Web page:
This column is dedicated to patents in IBM – and specifically to our inventors and inventions in the Benelux. In 2012, IBM topped the annual list of US patent recipients for the 20th consecutive year with a record 6,478 patents. But those intellectual properties don’t just come out of IBM’s US business, nor just out of R&D. In this blog, we present a short account of an invention developed by Johan Van Mengsel, an inventor and Distinguished IT Specialist at IBM Benelux, while he was on a project managed by IBM Global Technology Services.
By Johan van Menssel
IT Specialist IBM Benelux
While working on a particular project, we were confronted with a challenge around the monitoring of highly secured systems. Typically, in the event of a problem on an IT server, an alert is sent across the network to an operator’s console so that an intervention can be scheduled to fix it. That might sound like business as usual – nothing special; IBM has done it a million times before. However, in highly secured systems, the servers are isolated from the rest of the world by an encryption wall: All traffic from the servers is automatically encrypted when sent across the network. (This is mandatory to ensure strict confidentiality, by making sure no data can leak out.) Often this is done by IPSec encryption in transport mode. In this mode, all the data/payload in a network packet is encrypted, and only the network addresses are not. As a result, if an alert (such as a “Disk full” event) were sent out to the operator console, it would arrive at its destination as meaningless text (e.g., “jhfa498e%zf”), not understandable to the operator. My idea was to place the alert information not into the payload of the packet but into the destination address. In this solution, the alert “Disk full” would be sent as a packet to the IP-address 220.127.116.11. This packet would get encrypted when it traversed the encryption wall, but the destination address would remain untouched. A firewall outside the secured area would then be configured to monitor for traffic sent to IP address 18.104.22.168. The encrypted packet would then trigger a monitoring alert on the firewall to the operator, who would look up the meaning of 22.214.171.124 and thereby know that the disks were full.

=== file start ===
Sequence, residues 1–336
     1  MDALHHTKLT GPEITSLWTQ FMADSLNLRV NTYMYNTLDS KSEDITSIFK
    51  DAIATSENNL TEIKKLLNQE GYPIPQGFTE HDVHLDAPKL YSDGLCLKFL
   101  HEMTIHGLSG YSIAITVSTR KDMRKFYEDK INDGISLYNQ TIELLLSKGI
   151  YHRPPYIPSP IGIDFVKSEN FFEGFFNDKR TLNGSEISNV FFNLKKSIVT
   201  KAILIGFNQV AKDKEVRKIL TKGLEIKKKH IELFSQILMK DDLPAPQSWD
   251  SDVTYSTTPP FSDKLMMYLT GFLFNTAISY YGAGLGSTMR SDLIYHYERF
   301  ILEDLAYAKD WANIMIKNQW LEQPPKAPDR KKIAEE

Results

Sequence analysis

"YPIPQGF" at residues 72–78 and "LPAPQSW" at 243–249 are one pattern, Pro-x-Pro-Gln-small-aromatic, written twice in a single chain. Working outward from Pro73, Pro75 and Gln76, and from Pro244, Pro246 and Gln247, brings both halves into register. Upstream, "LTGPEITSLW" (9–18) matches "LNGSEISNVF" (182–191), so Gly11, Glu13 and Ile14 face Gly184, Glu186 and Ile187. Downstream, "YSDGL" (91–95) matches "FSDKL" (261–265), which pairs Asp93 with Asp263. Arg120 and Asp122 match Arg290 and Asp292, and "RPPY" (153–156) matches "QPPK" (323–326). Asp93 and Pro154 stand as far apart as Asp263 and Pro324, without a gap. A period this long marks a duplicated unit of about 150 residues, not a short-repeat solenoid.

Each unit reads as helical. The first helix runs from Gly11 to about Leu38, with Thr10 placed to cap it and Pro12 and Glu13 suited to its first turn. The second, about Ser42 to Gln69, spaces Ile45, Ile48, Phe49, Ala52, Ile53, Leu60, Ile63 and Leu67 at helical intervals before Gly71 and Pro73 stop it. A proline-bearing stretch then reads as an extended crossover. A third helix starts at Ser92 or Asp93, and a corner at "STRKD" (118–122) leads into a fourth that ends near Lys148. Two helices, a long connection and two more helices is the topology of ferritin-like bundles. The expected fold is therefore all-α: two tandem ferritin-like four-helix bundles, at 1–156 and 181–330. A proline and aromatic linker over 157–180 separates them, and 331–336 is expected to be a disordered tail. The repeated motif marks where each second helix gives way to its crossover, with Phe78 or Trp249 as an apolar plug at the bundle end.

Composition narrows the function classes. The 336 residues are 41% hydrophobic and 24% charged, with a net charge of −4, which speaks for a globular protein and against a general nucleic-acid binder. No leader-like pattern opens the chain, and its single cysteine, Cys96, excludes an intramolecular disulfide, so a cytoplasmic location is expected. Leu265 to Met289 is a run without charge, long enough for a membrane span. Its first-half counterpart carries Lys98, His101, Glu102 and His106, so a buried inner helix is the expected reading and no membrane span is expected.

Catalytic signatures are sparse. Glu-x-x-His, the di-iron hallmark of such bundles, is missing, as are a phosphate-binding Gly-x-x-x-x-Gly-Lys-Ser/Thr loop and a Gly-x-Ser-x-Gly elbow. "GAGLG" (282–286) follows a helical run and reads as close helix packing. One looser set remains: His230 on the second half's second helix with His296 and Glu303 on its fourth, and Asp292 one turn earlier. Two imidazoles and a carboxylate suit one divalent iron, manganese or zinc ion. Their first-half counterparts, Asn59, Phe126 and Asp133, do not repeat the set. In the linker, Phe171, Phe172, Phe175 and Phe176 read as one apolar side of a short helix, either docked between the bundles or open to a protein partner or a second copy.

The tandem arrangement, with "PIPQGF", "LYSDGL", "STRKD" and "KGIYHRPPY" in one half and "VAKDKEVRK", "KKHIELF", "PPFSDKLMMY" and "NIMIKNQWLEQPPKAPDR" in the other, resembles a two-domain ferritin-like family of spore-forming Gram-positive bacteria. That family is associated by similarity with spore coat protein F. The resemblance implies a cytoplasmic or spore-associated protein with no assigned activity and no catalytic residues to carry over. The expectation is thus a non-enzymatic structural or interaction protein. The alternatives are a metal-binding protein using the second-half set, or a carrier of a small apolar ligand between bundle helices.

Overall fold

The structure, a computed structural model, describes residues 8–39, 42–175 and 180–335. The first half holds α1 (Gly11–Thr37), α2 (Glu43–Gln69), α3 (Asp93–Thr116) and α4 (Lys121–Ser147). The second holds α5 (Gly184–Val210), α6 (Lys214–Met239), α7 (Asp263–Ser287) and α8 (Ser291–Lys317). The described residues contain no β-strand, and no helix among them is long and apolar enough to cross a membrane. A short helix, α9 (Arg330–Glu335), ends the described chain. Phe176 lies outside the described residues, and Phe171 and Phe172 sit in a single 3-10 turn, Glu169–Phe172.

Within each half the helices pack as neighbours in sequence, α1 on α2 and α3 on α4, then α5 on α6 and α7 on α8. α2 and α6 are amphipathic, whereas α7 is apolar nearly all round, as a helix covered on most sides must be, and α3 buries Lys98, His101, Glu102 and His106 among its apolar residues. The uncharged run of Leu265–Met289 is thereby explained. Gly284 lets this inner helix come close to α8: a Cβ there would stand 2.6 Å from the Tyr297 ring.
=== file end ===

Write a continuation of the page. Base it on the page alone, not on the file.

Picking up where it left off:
As IBMers, we are used to picking up a problem like this, seeing how it is currently solved, thinking outside the box and coming up with a new and improved way of solving it. For our services business in Benelux, those ideas frequently lead to cutting-edge ideas that can end with patent filing and issuance. And that was the case with this idea: Not only has the solution been implemented to fix the problem, it has been filed at the US Patent Office under the title, “Computer systems, methods and program product for multi-level communications.” It’s a good demonstration of how IBM’s domination of global patents is not just about laboratory research. In the service business, projects often face technical challenges and each one is an opportunity for innovation.
The text of Johan Van Mengsel’s patent is available here.